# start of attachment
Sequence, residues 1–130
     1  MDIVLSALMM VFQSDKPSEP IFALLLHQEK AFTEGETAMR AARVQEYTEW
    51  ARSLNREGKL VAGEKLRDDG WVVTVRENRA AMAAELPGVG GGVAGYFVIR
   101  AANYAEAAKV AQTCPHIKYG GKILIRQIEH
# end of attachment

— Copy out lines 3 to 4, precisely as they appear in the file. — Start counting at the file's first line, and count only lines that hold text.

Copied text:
    51  ARSLNREGKL VAGEKLRDDG WVVTVRENRA AMAAELPGVG GGVAGYFVIR
   101  AANYAEAAKV AQTCPHIKYG GKILIRQIEH